Together, the couple crusaded without relent against the strain of anti-intellectualism that had rooted itself in the culture of India, surreptitiously poisoning the irrational beliefs and practices of the masses beyond the point of even recognizing the baselessness of the notions held. In fact, he and his wife publicly viewed solar eclipses, as there was a superstitious belief that pregnant women should not do so. They resided in haunted houses to dismiss the myths about such places. Every full moon night marked the periodical “cosmopolitan dinner”, hosted by Gora, in which Indians of all religions and castes were warmly invited to dine together, signifying the harmonic ideals they strove to achieve. As an act of dissent from the government, the couple additionally organized “beef and pork” parties, shattering proposed laws prohibiting such items due to religious reasons. Always the contrarians, this couple rose to fame as valiant social reformers working to unburden India of its baseless faith and superstition.

Gora and Saraswathi viewed the caste system with abhorrence. They regularly conducted inter-caste and inter-religious marriages to dispel prejudices amongst civil groups. In fact, their own daughter was wed to a dalit, or “untouchable”.

From The Hans India:

The atheist movement in South India is a fertile ground for the onward march of atheism and rationalism. It was a citadel of the freedom struggle and social reform movements, challenging colonialism, imperialism and the oppressive Nizam rule.

It fought against caste system and untouchability with democratic approach and egalitarian value system. It champions castelessness and strives for a post-religious society. It became a role model to the world in its commitment.

Gora engaged in a series of profound and thoughtful conversations with the well-known Mohandas Gandhi. Their conversations have been recorded in a book titled An Atheist With Gandhi. This collection of excerpts from discourse between the two, has often been described as “brief” but “eliciting wonderful thoughts and analysis.”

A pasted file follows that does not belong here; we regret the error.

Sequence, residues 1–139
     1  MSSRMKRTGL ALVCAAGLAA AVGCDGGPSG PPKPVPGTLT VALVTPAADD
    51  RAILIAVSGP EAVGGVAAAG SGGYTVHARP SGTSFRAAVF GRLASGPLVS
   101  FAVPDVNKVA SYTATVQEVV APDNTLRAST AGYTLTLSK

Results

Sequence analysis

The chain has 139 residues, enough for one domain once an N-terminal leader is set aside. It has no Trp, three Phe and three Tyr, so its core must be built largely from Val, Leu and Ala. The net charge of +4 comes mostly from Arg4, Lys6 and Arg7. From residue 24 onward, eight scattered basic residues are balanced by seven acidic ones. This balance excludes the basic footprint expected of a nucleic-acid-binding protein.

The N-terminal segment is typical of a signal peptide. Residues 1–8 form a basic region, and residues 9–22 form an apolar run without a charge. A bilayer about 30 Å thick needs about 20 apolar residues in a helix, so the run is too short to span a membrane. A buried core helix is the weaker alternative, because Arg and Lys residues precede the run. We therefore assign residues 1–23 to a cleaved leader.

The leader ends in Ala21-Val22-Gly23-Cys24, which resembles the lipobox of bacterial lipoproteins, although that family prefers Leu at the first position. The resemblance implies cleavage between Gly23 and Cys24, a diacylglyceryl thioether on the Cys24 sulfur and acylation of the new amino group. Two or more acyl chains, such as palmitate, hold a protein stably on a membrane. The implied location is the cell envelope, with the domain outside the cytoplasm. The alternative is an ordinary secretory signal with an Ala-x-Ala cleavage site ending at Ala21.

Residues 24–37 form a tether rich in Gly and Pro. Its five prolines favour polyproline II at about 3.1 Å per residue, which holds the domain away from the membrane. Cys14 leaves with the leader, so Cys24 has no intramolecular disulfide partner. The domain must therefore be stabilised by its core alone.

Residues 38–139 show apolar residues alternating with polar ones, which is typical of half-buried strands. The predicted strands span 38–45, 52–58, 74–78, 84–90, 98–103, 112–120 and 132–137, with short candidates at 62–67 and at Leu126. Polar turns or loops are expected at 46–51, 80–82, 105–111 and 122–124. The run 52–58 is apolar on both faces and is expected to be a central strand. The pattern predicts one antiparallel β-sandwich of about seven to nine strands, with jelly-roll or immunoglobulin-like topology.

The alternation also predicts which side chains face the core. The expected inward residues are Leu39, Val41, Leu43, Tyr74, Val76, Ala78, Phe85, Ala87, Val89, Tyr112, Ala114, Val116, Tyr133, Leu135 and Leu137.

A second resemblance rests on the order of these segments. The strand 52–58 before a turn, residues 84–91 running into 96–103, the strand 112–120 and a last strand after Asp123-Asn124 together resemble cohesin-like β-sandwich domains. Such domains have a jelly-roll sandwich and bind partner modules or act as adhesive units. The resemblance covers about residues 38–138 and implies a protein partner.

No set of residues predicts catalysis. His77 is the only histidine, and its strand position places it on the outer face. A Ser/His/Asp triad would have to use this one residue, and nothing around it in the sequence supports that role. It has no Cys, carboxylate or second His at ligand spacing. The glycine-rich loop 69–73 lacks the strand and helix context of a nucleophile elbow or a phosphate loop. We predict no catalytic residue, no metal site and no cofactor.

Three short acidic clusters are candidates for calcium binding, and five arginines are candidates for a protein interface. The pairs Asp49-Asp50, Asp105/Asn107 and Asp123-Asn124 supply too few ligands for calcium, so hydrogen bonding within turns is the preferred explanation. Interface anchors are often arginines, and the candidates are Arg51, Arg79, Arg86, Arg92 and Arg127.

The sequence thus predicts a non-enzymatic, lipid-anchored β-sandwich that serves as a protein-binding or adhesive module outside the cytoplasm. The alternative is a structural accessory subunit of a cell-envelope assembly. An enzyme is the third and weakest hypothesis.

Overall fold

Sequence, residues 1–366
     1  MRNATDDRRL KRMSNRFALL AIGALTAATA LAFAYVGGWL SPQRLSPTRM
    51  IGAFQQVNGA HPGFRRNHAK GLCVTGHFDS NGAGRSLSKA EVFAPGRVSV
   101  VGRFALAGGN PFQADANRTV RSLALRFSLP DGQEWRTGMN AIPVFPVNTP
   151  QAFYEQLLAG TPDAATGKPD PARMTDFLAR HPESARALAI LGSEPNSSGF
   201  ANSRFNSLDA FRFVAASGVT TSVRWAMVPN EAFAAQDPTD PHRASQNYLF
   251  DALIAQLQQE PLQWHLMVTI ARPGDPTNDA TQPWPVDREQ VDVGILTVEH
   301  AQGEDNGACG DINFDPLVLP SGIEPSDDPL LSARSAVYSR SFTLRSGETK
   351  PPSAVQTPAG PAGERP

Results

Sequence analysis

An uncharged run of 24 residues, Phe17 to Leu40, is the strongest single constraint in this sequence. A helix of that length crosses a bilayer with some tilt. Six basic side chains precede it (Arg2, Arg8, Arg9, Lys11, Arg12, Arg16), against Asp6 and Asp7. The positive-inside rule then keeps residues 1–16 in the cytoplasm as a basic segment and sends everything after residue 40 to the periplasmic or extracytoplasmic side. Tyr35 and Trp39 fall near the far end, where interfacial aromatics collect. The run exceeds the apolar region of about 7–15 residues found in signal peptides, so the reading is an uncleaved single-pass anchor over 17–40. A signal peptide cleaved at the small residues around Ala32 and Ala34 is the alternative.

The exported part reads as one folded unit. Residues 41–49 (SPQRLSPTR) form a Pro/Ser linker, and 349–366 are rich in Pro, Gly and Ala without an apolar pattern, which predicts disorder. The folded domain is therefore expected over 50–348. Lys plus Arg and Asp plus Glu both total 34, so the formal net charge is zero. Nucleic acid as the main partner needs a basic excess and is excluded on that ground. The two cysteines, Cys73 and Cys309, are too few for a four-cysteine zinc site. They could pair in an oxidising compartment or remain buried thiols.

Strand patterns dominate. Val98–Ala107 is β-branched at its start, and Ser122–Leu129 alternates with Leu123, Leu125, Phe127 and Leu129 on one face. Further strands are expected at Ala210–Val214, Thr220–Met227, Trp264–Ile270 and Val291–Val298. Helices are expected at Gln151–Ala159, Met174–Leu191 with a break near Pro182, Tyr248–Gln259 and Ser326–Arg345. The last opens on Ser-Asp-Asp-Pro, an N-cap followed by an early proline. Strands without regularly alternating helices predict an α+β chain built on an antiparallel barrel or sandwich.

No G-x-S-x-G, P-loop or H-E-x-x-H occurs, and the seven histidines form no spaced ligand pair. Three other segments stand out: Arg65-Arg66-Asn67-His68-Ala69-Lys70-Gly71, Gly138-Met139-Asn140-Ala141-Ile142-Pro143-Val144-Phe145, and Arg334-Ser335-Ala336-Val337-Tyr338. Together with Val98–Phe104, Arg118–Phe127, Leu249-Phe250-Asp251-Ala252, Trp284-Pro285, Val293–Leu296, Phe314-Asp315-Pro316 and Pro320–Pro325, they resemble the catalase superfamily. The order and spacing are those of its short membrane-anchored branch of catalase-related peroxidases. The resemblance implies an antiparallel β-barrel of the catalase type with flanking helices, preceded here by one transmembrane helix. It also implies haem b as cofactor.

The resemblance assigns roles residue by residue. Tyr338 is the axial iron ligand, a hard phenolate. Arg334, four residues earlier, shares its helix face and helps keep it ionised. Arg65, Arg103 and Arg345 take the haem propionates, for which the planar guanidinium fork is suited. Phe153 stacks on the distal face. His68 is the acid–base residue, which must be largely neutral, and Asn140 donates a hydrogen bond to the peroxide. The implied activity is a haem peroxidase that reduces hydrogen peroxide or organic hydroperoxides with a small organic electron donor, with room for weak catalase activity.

The Wonderfulness of Thought

In a nation suffused with a culture that espouses irrationality, that sings hymns to otherworldly spirits no one has put forth a morsel of evidence for, that prizes blind submission over critical discourse and dissent, that is–simply put–superstitious and proud of it, it takes quite some valor to take a stand and challenge the roots of the dogma that is draped over the minds of your peers, your parents, and your society.

Saraswathi Gora and Goparaju Rao. A couple shaped in the flames of irrationality gripping India, searing and decimating the grains of critical thought in favor of silence and faith. A couple that managed to not only escape from these flames, but to strive to smother the kindle of injustice and unreason. Consistently an adversary of authoritarian illiberalism and unscientific convictions, this pair of social reformers are not to be trifed with when it comes to matters of social progress and the advancement of logical thinking.

I rightfully suppose I speak for all humanists when I applaud the paramount and rousing bravery demonstrated by the paragon of brilliance and intellectual virtue that is Saraswathi Gora and Goparaju Rao, working to combat the bastion of unreason in south India.

Matt Damon vs. Sarah Palin and the Dinosaurs

On September 10, 2008, a video of actor Matt Damon was released to the press that quickly got posted on YouTube, and has now gotten over two million hits. Here’s what he said: